Super Saver wins a dirty Derby

Super Saver ridden by jockey Calvin Borel crosses the finish line to win the 136th Kentucky Derby...

Super Saver ridden by jockey Calvin Borel crosses the finish line to win the 136th Kentucky Derby on Saturday. (REUTERS/John Sommers II)

ROB LONGLEY, QMI Agency

, Last Updated: 9:07 PM ET

LOUISVILLE, KY. - LOUISVILLE, Ky. - Todd Pletcher may believe what he says, that he will be no better a trainer Sunday morning than he was early Saturday evening.

For the first time in his life, however, he will wake up as a Kentucky Derby winner.

When it came to the opening jewel of racing’s Triple Crown, one of the best trainers of his generation had found every way to lose.

He has been beaten with strong contenders and with long shots, with bad luck and bad breaks. It added up to an 0-for-24 record making Pletcher living proof that the Derby is one of the most elusive prizes in sport.

But on a day when the Churchill Downs track was knee deep in mud and his best horse was back in the barn, the sun finally broke through for Pletcher.

With jockey Calvin Borel doggedly urging him to keep running past the Twin Spires and charge the finish line, Super Saver was his salvation.

“Obviously it’s a race I’ve dreamed my whole life of winning,” Pletcher said. “I wish I could wax poetically how it all feels, but it’s all kind of soaking in right now.

“The one important thing to me was win it while my parents were still here to see it.”

The senior Pletchers - both in their 70s weren’t the only witnesses. A crowd of 155,803 braved the miserable conditions and relentless rain.

Bettors across North America struggled with one of the most vexing betting editions of the Run for the Roses.

And all watched Borel make Derby history of his own, taking the opening jewel of the Triple Crown for an unprecedented third time in four years.

After opening up enough ground in the stretch, Super Saver was comfortably able to hold off a late charge from Ice Box who finished 2 1/2 lengths back in second while Paddy O'Prado rounded out the triactor. The winner returned $18 on a $2 win investment and ran the 1 1/4 miles in a decent 2:04.45 given the severe off track.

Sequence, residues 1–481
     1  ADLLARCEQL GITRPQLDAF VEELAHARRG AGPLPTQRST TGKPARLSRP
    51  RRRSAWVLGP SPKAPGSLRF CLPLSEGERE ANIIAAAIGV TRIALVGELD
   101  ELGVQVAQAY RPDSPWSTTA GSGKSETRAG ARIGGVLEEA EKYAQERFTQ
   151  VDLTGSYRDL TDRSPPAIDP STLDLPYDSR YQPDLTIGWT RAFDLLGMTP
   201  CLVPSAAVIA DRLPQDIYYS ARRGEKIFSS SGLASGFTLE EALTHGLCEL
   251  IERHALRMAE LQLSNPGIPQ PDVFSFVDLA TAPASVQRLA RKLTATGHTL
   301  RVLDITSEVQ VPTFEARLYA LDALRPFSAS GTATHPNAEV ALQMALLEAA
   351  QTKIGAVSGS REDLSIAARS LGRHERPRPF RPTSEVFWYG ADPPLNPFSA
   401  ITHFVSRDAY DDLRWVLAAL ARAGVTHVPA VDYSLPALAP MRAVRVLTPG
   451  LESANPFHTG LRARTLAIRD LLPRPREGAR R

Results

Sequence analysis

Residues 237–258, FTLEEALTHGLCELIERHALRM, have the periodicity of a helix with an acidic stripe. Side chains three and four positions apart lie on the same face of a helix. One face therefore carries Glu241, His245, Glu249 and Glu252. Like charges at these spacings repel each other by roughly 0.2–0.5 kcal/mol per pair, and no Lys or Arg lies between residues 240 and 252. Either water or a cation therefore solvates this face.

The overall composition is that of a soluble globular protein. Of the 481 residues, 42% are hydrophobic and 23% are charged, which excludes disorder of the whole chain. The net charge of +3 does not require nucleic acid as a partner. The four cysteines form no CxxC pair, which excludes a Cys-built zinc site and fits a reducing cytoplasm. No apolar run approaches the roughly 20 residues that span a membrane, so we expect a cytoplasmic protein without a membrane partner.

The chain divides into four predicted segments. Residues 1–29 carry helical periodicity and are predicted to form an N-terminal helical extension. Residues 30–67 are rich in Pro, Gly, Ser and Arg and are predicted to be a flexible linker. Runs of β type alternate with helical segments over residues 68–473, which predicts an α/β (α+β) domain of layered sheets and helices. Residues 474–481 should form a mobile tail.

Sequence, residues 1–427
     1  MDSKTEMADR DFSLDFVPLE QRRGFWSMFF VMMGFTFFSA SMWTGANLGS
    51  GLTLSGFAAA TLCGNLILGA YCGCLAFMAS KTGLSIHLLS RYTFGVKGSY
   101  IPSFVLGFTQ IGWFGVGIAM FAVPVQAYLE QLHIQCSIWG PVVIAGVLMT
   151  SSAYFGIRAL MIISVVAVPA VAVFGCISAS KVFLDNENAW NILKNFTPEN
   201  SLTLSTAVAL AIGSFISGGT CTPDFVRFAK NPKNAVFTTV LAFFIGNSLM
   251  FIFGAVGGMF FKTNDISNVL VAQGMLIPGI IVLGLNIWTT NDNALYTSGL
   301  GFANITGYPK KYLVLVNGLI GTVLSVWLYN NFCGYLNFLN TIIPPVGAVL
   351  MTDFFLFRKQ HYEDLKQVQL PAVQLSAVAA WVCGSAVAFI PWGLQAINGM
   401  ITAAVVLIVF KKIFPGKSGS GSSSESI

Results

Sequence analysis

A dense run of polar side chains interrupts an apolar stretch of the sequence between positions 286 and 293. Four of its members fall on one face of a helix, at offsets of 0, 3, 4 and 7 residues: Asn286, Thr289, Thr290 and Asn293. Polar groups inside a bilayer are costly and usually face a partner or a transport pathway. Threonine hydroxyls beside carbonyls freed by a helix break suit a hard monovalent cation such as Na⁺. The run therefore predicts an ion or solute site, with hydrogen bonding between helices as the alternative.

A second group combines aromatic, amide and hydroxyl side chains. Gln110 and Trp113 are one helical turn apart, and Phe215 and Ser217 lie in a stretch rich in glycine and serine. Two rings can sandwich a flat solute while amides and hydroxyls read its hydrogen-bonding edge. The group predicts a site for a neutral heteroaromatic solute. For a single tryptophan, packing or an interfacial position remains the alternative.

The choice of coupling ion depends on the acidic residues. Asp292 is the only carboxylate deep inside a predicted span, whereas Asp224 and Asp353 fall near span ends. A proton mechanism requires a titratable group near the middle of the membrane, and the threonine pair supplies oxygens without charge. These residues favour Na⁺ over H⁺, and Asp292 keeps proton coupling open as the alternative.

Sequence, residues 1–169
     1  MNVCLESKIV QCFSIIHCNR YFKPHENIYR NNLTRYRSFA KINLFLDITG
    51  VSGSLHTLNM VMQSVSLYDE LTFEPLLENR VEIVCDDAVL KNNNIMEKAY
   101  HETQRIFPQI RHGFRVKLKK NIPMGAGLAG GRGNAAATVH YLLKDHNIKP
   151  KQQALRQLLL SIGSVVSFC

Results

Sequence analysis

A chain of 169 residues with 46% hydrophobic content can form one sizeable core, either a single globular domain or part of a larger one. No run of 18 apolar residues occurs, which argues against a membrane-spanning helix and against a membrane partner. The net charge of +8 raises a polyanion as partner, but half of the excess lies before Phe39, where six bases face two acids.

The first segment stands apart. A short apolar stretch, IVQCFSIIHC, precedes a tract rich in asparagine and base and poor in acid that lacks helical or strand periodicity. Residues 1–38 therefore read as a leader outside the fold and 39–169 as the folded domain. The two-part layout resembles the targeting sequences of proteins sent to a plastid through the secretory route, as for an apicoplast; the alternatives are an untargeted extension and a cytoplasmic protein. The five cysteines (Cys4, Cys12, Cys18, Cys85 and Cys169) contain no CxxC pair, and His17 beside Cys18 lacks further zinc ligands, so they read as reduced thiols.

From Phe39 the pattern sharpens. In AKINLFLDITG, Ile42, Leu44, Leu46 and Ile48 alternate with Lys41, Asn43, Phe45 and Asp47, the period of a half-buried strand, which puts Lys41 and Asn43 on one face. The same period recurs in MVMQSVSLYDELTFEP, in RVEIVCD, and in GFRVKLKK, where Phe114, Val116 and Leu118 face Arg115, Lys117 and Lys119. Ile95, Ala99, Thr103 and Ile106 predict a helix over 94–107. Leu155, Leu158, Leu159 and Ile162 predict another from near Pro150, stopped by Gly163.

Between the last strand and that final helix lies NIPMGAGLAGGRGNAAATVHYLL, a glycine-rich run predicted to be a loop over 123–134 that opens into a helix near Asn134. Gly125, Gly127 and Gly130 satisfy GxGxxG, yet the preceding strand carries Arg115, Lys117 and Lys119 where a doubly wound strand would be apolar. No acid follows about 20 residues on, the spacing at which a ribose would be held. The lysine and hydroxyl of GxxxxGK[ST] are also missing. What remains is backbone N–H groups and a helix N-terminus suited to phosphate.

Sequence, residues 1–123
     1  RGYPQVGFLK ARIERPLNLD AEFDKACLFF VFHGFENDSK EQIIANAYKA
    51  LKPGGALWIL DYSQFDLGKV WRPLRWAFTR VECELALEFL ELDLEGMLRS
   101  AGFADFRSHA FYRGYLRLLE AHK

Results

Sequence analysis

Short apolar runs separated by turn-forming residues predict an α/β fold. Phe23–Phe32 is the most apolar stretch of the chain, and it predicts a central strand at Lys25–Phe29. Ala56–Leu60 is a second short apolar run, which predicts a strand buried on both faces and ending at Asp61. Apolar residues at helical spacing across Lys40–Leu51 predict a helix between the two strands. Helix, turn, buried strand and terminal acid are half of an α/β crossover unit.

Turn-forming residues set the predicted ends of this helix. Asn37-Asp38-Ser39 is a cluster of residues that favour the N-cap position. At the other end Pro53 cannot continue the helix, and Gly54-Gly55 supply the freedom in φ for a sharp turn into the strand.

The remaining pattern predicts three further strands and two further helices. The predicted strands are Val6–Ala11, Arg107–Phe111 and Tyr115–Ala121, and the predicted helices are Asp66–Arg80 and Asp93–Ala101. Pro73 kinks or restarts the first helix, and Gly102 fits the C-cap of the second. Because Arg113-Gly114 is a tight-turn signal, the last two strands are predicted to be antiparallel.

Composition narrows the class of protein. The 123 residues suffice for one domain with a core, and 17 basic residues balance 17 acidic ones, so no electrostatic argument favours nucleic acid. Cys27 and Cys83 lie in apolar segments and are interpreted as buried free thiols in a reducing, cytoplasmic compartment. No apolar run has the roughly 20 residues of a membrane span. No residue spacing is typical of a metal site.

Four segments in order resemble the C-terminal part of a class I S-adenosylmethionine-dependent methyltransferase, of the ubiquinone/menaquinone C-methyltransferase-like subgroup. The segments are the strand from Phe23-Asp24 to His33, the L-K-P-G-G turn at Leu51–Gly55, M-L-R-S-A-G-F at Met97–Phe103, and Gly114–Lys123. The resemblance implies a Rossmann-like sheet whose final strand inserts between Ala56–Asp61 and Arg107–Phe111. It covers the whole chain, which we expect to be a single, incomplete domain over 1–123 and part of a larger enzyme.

Hindsight being the one thing bettors would sell their soul to possess, Super Saver made sense.

He had won on an off track - a rarity in this field of 20 three-year-olds. He had also won at Churchill, another edge that set him above the majority. And most of all, he had Borel who seems to ride America’s most famous track like it is in his dreams.

That Pletcher had yet to win the Derby spoke to the race’s challenge. He has won so many of the sport’s major stakes - the Belmont, multiple Breeders’ Cups and even the Canadian classic, the Queen’s Plate with Archers Bay back in 1998. When it came to the Derby, however, all bets were off.

Even this year Pletcher seemed snake bitten as a week ago his stable star, Eskendereya, had to be withdrawn due to injury. Still, he saddled four others on Saturday and hoped for the best.

From the start, things fell Super Saver’s way. Favourite Lookin at Lucky, stuck in the dreaded Post 1, was body-checked sharply twice before the race was an eighth of a mile through. Borel, as his way, found position to keep his charge close enough to the leaders but relaxed enough to conserve energy for when it was needed most.

To his credit, Pletcher never did beat himself up about past losses, recognizing the confluence of good fortune required to win it. The worst part is over at least as he no longer needs to answer questions about when (or if) his fortunes would turn.

Perhaps fearing the worst, the trainer watched the race alone, on TV, in a room just under the grandstand.

“When he got to the eighth pole, I was looking to see if there was anyone else coming,” Pletcher said.

“When it became obvious he was going to win, it was a special feeling.”

Even if seemed to take a lifetime to arrive.


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